“I think there will be more patient money available. The Canadian government is supporting this through funds to help drive private companies to grow, it may not impact the small end yet, but this should come over time.”

Access to capital is a major pain point for small businesses, and CIBC have clearly invested in bettering their service in this space. For the middle-market, the priorities are different. With funding more readily available, Hountalas describes a different service model.

You have to decide whether you want to be the cheapest, or offer the best relationship. I am less interested in price, as long as it is fair, because the relationship is where the real value is for entrepreneurs.

“You have to decide whether you want to be the cheapest, or offer the best relationship. I am less interested in price, as long as it is fair, because the relationship is where the real value is for entrepreneurs.”

Hountalas defines this value through a three-pronged approach: speed, flexibility and expertise.

“We aim to be the fastest in providing answers on credit, for example, leaving businesses thinking ‘if they are speedy when I don’t need them to be, imagine how good they will be when I do.’”

CIBC strives to celebrate the uniqueness of each client, rather than be scared of it, and that is where the flexibility comes in. Expertise in the middle market is delivered through industry and product specialization where necessary.

“For small businesses we have spent time and money on placing our expertise at a central unit, which is working really well. The relationship is still at the local branch, with the option to speak with an expert centrally when appropriate. Our research shows that small business owners are more open to this system.”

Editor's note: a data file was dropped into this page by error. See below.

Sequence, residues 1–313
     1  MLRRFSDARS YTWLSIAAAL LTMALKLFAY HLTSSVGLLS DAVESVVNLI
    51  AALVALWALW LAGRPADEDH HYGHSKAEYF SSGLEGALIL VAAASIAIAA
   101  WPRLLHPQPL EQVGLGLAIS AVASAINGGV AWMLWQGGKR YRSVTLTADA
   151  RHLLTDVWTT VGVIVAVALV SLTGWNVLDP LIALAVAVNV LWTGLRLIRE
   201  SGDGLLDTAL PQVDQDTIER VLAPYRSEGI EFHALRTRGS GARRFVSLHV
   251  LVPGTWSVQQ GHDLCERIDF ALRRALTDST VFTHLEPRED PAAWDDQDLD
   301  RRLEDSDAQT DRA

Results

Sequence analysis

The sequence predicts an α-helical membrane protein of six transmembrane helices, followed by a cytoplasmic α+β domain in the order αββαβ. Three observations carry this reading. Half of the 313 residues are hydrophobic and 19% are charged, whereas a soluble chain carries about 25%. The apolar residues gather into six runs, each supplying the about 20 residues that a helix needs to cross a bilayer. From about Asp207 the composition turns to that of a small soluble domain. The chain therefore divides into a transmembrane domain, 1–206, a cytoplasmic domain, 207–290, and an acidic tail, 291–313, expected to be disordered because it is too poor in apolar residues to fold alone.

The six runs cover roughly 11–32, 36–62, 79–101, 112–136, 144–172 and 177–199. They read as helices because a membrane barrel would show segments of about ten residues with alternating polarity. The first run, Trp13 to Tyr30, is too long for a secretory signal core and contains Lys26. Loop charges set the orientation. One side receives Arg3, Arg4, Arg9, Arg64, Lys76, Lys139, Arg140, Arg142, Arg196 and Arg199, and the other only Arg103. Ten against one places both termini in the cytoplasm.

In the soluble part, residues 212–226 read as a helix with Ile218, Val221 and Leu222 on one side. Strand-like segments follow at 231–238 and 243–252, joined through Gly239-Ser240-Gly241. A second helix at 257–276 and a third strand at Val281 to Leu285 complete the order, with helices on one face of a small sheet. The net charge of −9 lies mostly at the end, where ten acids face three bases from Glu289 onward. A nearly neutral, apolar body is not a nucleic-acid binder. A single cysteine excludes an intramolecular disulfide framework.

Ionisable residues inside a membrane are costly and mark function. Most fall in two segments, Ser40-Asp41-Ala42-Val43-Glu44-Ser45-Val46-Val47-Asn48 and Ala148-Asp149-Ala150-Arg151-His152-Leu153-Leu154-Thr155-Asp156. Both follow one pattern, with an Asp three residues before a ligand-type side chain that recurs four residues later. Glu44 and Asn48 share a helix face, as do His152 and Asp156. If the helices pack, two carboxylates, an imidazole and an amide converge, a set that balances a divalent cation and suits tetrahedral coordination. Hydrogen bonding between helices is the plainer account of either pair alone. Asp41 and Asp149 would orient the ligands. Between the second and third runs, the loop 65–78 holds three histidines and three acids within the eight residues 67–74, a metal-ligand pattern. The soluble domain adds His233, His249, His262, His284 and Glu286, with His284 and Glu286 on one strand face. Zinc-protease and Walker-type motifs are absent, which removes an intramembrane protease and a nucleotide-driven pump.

With plenty of hype around robo-advice, the traditional channels of expertise are potentially facing huge disruption. Yet, Hountalas sees the new technologies as supportive, rather than a threat.

“Robo-advice is not going to take off in the next three years I would say, I think entrepreneurs need the human touch. It does not necessarily have to be in the same room; technologies and data should help us to develop the same personal relationship, without the same level of one-on-one contact.”

Further diversification of the export market is also an area in which Hountalas sees impending change.

“I would like to see private companies moving beyond the US. Such a huge amount of our exports go to the US market and we need to diversify beyond North America.”

With such an infectious optimism for this sector, and big dreams of growth, Hountalas seems like the person for the job of transforming the Canadian SME banking sector. The sentiment conveyed in his closing words dictate just how important this customer segment is to Canada at large.

“Watching what small and medium businesses do for the economy, in job creation, in charitable donations, I really think it is a noble calling. I am excited to have been so close to this industry for so long and to have had the chance to serve entrepreneurs and learn from them.”